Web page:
It’s not cool to be a dad.
At least, that’s the message you’d get if you’re paying attention to popular culture.
When you see dads on TV you get some goofball, like Phil Dunphy of Modern Family. Or, a fat, lazy slob like Homer Simpson. Even great TV role models, like Bill Cosby, turn out to be huge let-downs in real life.
To many people, dads are benign at best and outright harmful at worst. Many people have had horrible experiences with dads, stepdads, and other adult men in their past.
If no one needs a man, then why should he show up?
So Thankful for Moms
On the other hand, almost everyone has a mom. Most people love their mother, because she was always there to provide for them.
Combine the positive presence of mothers with society’s overall push to elevate women, and it sends the message that men really aren’t needed anymore. If they won’t stick around or help, who needs them?
I am not suggesting that women don’t deserve recognition for their contributions to our families, and society as a whole. Mothers deserve great respect for how they make this world a better place. Women in general do not deserve to be treated worse than men in any way. My intention is not to promote a negative view of women and mothers.
Where Are All the Good Men?
Rather, it’s almost as if men are being written out of their own stories.
Let me quote a well-known author, John Eldredge from his book, Wild At Heart Revised and Updated: Discovering the Secret of a Man’s Soul:
A man is fierce…passionate…wild at heart? You wouldn’t know it from what normally walks around in a pair of trousers…how come there are so many lonely women, so many fatherless children, so few men around? Why is it that the world seems filled with “caricatures” of masculinity? — John Eldredge, Wild At Heart Revised and Updated: Discovering the Secret of a Man’s Soul
If no one needs a man, then why should he show up? If he goes to work and provides a paycheck for his family, what more is there to do?
If he’s working so hard, then what’s wrong with grabbing a few beers with the guys every night after work? What’s so bad about propping his feet up to enjoy an evening of Sports Center or Netflix?
I have many friends and acquaintances who think this way. I’m sure you know some men like this, too.
This attitude totally neglects the important role a dad plays in the life of a family. When father’s actively engage with their children, they have better educational outcomes, are more stable in their relationships, and experience more life satisfaction. Not only do the children benefit, but mothers have a much better quality of life when there is an involved father. This is good for both the family, and society as a whole.
[If you want to read an excellent summary of current research on the importance of being an involved dad, check out this review article.]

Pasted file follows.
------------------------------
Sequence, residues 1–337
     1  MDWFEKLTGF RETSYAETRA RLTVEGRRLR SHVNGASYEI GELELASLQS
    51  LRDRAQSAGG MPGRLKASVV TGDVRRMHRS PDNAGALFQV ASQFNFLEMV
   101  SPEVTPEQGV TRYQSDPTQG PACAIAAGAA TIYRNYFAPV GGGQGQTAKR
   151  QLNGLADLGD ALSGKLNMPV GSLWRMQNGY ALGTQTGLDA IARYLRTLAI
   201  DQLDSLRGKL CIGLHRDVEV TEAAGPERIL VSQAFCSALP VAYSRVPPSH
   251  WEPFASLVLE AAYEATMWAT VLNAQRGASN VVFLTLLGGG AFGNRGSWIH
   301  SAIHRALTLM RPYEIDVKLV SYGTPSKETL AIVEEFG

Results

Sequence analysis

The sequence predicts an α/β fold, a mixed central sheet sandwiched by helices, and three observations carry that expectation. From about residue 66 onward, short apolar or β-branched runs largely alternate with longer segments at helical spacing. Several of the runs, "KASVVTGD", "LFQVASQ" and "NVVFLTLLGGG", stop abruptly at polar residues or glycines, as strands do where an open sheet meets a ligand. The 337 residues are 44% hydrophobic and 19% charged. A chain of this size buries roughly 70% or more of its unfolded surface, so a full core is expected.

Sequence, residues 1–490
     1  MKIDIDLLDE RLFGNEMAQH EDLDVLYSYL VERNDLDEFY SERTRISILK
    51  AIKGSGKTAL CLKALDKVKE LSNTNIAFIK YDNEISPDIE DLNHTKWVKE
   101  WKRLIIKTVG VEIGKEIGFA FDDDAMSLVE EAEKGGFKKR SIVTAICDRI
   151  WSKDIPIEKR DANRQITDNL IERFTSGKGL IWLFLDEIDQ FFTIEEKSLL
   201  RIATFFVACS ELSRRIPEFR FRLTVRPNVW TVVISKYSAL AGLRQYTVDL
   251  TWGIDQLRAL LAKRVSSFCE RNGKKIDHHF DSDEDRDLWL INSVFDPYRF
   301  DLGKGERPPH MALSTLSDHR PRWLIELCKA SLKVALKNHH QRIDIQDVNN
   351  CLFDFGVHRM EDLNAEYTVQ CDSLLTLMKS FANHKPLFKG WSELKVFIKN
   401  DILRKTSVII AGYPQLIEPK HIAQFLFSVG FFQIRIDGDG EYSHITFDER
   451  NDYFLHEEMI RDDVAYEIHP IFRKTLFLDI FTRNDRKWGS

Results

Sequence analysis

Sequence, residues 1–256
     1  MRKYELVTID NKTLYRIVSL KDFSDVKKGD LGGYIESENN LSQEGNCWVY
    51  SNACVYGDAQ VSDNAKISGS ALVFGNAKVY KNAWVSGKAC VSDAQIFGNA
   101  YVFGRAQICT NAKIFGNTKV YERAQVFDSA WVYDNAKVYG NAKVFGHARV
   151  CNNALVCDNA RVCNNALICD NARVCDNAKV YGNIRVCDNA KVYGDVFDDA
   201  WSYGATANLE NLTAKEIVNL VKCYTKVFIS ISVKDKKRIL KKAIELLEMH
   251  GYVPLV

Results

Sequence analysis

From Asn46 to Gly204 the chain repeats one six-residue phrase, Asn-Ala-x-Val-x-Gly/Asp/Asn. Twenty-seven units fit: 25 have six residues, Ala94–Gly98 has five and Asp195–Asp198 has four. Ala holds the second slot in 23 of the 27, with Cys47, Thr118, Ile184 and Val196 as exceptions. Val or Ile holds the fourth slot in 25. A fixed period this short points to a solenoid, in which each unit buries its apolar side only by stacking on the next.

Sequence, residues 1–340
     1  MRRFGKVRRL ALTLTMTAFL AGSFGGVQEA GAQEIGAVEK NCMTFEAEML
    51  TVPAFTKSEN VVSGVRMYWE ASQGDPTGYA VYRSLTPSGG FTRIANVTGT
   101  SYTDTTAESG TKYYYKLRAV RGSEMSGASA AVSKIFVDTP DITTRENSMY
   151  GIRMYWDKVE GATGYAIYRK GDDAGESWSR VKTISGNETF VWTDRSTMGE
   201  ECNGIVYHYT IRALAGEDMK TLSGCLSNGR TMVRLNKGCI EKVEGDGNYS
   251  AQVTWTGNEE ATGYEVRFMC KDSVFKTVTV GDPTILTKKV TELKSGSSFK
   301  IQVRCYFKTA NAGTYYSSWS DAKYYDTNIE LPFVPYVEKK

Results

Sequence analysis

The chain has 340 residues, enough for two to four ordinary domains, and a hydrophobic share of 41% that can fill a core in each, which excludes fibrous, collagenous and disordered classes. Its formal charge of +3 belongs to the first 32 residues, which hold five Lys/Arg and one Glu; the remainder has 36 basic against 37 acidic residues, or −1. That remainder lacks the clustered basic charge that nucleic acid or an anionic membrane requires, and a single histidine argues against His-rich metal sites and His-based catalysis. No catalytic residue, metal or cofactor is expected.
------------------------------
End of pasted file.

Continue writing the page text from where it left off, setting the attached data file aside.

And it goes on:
Do you want to be a good dad?
First, decide to become the best man you can, both for yourself and your family. Not just in the sense of physical fitness, but being “suitable to fulfill a particular role or task”.
You need to be physically fit to lead your kids, not follow them from behind. But, you also need to be mentally, emotionally and spiritually fit to model healthy adult relationships.
Here’s my challenge:
- Get off the sidelines and get involved in your family.
- Make your health a priority, for your own sake and that of your family.
- Educate yourself on ways to be a better dad.
- Work in your community to fight negative stereotypes of dads, and promote positive ones.
I wonder how many men and women out there are thinking the same thing as me?
If enough dads are willing to commit to becoming their best self, then I think there’s a lot of hope for our families.
Maybe, all it takes is someone standing up with a call to action.
Maybe we’ll see more men take the challenge to be a great dad.
Maybe we’ll have more kids that think their dad is the coolest guy on earth.
Just because it isn’t cool to be a dad right now, doesn’t mean it isn’t still the most important thing a man can do.
Does this idea resonate with you? Does it call you out? Will you take steps to be the best dad you can be?
Resolve today to do the best you can. Then, make a plan of actionable steps to start improving one area of your life.
Speaking from experience, once one are of life starts to improve, the others will be easier to work on.
I would love to hear your thoughts, and your success stories. Just e-mail me at firstname.lastname@example.org. Or, leave a note below.
Let’s make being a great dad something to aspire to again!